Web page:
I have to confess I was really excited for this show. I’d chanced upon it whilst browsing the Arts website and was immediately drawn to the combination of jazz & Shakespeare. The story of A Midsummer Night’s Dream lends itself perfectly to the voodoo mystique surrounding the Deep South, bringing out the dark edge that is so often overlooked.
A performance in such an intimate space, and in traverse, really enhances the atmosphere; on entering you are greeted by the rumbling of thunder & dimmed lights, immediately transporting you into another world. There is a minimal set: the main piece is a bed, decorated with fairy lights & foliage. This is obviously in part due to space constraints, but it also allows the acting to do the talking.
Another wonderful element of this production is the inclusion of jazz. It is all played live by the cast (as well as the producer & music co-ordinator, Joe Evans, accompanying on piano) – a selection of carefully chosen numbers by Dr. John, Louis Armstrong, Professor Longhair, Randy Newman & Joe Liggins. I thought there might’ve been a few more songs than there actually were, but the balance was pretty spot on; there’s always the possibility of labouring a theme and turning it into a gimmick. As is often the case, less is more! Real highlights for me are ‘Marie Laveau‘, setting the scene at the beginning, ‘Such A Night‘ and ‘Going Back To New Orleans‘ (a fitting ending, with a chance to clap along). The musical arrangement has been very well done, and fits in with the natural flow of the production; it doesn’t feel forced in any way.
There is not a weak link in this multi-talented cast.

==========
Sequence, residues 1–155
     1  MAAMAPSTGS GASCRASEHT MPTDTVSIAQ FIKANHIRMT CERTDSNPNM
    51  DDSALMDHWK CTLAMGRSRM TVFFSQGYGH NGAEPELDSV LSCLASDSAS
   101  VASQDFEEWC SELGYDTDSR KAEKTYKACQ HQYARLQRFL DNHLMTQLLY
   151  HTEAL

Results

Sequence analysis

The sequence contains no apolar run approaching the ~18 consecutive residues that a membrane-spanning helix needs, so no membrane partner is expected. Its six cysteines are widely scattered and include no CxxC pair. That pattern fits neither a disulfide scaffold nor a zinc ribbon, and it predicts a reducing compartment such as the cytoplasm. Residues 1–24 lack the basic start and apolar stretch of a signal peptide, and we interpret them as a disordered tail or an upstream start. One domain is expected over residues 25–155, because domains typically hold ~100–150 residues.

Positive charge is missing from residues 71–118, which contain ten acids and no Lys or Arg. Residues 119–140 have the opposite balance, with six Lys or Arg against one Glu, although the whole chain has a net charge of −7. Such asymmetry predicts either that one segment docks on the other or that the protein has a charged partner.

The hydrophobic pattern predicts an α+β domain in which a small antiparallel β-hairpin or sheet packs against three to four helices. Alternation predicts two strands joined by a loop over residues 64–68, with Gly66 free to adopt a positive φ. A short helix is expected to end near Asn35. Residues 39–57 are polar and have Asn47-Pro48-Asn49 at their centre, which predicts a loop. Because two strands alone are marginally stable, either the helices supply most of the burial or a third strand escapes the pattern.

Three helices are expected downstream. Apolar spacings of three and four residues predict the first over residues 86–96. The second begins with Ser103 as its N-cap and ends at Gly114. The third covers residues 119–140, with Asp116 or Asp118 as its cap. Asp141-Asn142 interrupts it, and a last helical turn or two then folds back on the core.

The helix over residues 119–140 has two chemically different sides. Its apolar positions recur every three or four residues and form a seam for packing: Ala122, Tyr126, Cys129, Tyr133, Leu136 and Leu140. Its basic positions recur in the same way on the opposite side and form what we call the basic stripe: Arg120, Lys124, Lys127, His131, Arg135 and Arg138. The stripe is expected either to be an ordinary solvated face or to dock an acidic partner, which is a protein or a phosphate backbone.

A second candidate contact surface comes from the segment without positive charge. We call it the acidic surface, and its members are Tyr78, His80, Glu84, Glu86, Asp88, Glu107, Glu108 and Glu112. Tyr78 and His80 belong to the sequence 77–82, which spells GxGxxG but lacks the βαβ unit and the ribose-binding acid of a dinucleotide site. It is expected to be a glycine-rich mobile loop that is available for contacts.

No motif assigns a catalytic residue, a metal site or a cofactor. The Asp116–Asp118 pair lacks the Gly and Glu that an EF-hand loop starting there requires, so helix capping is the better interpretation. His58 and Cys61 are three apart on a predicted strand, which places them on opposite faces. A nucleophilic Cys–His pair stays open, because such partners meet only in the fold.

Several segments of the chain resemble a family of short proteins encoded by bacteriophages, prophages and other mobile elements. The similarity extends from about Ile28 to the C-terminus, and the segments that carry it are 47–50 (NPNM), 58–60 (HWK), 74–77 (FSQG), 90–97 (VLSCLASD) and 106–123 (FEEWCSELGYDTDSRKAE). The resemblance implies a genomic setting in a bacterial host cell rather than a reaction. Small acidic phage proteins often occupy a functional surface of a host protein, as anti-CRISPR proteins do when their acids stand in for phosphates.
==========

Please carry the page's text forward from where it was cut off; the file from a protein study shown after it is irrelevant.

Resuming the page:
Comic brilliance is provided by the trio of Lowri Ames, Sarah Ratheram & Matt Jopling, in the ‘play within a play’ in particular – there is an ingenious use of a clarinet that really made me giggle! Add into that group Matthew Woodyatt as a very pompous Nick Bottom and you have the perfect set.
David Monteith & Silvana Maimone, as Oberon & Titania respectively, exude charisma. You really believe they are the king & queen of the fairies, and the voodoo stylings definitely suit them. Tristan Pegg is wonderfully innocent as the changeling boy they are fighting over.
The young lovers are all very well portrayed, with a special mention to Samantha Louise Clark as Hermia. You truly believe her pain at being rejected by Lysander (Jonathan Ajayi) following his dose of ‘love-in-idleness’ – her desperation & confusion is palpable. Ruari Cannon really brings out Demetrius’ unlikeable characteristics, making you wonder what Helena (a brilliant EJ Martin) sees in him, until he redeems himself at the end.
Lawrence O’Connor is impressive playing the different roles of Theseus & Quince – also forming part of the band, on guitar.
But for me there is one true standout performance: Sid Phoenix as Puck. He is truly sensational! Dressed in typical New Orleans voodoo style costume, complete with black & white makeup and red contact lenses, he has a magnetic presence. He manages to make Puck both mischievous & dark, and has great chemistry with Monteith; they are a marvellous double act. Phoenix is also unafraid of interacting with audience members in the front row – or manouevring himself along the bar area, popping up when you least expect it.
So I think it’s safe to say I enjoyed the show! I’m always appreciative of a bit of Shakespeare and the opportunity to expand my ever-growing love of jazz. It is a real hidden gem.
This Ruby In The Dust production is on at Upstairs at the Arts until 29 August (Tuesdays-Sundays) – I’m really hoping to go again if I can, especially as the performance I was at was a preview. Maybe I’ll see you there?